Health Reform

Health Reform’s Medicaid Expansion Is an Even Better Deal for States

CBO has sharply lowered its estimates of the costs to states of adopting the Medicaid expansion.

CBO now estimates that the federal government will, on average, pick up more than 95 percent of the total cost of the Medicaid expansion and other health reform-related costs in Medicaid and the Children’s Health Insurance Program (CHIP) over the next ten years (2015-2024).

States will spend only 1.6 percent more on Medicaid and CHIP due to health reform than they would have spent without health reform. Read more

Related: Correcting Seven Myths About Medicaid

 

Understanding Taxes

Lone Group Taxed Into Poverty Should Receive a Larger EITC

Policymakers have taken important steps in recent decades to prevent the federal tax code from taxing people into or deeper into poverty. This bipartisan effort has helped shape various features of the tax code including the Earned Income Tax Credit (EITC), a tax credit for low- and moderate-income working people. In addition to its other roles, such as serving as a pro-work wage subsidy, the EITC helps keep income and payroll taxes from pushing millions of low-wage workers into poverty.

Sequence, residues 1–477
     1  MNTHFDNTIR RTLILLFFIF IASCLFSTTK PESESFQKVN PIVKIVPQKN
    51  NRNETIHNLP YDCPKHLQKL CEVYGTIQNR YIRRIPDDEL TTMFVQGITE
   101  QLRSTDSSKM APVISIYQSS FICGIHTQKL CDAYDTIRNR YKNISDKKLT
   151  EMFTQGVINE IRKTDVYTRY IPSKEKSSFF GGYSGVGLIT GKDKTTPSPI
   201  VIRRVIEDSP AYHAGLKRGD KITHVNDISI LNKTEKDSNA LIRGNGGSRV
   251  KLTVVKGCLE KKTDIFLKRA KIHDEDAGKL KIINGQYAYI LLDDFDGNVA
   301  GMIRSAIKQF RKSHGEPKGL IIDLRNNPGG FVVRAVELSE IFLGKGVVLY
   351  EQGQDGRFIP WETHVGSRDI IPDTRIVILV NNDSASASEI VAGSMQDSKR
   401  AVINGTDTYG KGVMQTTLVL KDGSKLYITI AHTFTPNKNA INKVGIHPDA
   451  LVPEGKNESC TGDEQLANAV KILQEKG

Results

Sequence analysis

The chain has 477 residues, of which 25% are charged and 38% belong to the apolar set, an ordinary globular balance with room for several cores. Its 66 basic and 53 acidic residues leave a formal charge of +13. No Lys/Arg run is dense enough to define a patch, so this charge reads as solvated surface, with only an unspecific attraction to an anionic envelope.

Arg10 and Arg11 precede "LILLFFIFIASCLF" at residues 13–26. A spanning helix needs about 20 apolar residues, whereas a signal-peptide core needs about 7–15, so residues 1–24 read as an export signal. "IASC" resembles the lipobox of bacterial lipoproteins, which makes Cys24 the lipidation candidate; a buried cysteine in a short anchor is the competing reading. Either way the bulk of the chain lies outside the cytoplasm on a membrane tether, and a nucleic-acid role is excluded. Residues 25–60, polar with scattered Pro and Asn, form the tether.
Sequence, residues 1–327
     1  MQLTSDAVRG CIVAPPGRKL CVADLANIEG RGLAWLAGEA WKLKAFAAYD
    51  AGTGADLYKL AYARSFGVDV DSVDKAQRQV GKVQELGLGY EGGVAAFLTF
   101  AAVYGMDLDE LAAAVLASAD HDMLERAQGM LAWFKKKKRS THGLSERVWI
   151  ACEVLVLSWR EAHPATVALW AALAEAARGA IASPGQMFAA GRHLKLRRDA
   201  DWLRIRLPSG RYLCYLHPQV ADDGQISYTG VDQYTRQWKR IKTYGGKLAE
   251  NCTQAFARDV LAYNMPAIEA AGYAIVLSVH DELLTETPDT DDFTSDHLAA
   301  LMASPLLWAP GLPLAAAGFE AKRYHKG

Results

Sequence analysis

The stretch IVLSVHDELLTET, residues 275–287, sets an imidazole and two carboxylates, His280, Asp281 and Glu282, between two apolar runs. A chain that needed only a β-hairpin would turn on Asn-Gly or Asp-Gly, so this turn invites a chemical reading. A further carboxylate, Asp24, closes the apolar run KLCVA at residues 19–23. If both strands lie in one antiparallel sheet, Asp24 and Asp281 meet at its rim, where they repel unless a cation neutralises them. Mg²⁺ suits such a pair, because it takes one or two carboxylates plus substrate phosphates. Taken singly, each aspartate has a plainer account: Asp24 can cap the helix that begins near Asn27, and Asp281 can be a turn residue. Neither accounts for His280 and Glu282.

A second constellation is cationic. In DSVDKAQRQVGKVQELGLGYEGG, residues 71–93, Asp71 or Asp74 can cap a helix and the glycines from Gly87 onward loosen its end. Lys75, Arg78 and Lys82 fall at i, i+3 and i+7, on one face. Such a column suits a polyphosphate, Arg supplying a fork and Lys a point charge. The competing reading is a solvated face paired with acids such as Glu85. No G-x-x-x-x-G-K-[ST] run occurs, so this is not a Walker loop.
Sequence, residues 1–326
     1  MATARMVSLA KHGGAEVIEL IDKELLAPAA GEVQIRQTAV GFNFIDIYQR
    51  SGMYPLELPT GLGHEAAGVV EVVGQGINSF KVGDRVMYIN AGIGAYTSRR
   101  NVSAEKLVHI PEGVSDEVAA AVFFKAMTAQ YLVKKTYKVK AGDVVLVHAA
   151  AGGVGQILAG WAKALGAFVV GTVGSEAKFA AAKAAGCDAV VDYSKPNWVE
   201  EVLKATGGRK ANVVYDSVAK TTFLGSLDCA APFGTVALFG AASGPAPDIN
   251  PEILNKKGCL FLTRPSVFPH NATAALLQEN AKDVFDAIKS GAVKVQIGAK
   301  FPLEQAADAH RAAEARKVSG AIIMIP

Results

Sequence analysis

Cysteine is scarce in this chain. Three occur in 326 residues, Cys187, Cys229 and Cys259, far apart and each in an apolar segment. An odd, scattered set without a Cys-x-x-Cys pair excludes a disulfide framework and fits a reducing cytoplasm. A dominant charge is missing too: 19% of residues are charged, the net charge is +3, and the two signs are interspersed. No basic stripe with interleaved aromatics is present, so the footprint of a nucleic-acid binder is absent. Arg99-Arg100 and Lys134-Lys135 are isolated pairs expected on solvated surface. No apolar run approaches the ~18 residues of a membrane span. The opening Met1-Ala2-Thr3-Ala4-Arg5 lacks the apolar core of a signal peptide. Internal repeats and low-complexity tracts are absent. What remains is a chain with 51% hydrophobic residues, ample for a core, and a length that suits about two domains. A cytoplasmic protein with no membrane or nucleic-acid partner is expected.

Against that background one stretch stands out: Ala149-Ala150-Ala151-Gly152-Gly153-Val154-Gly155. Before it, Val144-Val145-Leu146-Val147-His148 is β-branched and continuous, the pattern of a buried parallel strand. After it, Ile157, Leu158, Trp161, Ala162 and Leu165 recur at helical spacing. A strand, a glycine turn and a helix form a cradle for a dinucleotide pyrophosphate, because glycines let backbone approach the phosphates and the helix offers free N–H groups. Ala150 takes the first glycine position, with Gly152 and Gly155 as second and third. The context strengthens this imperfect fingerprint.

But the commitment to keep the federal tax code from taxing low-income workers into poverty has fallen far short for one group of 7 million people: childless adults. Read more

Related:

More: Health Analysis

Making Jobs a National Priority

Former U.S. Treasury Secretary Larry Summers spoke at the launch of CBPP’s and Senior Fellow Jared Bernstein’s year-long project on full employment.  Watch his keynote address, as well as the panel discussion among Bernstein and other leading economists, and find out more at www.pathtofullemployment.org.

Full Employment in the News

 

Issues Facing Congress

Three Reasons Congress Should Restart Emergency Jobless Benefits — Now

  1. If Congress doesn’t restart it, the number of affected workers will continue to climb each week, reaching 4.9 million by the end of 2014.
  2. Labor market conditions are much better than in the depths of the Great Recession in 2008-09, but they remain much worse than when policymakers let any of those programs expire.  In particular, long-term unemployment is nearly twice as high as when any previous program expired.
  3. Unemployment insurance is one of the most cost-effective ways to help a weak economy.

Read more

 

Ryan Roundup: Everything You Need to Know About Chairman Ryan’s Budget Plans

The Center has compiled analyses and blog posts on the budget that House Budget Committee Chairman Paul Ryan recently proposed. We will continue to update this roundup as we issue additional analyses.

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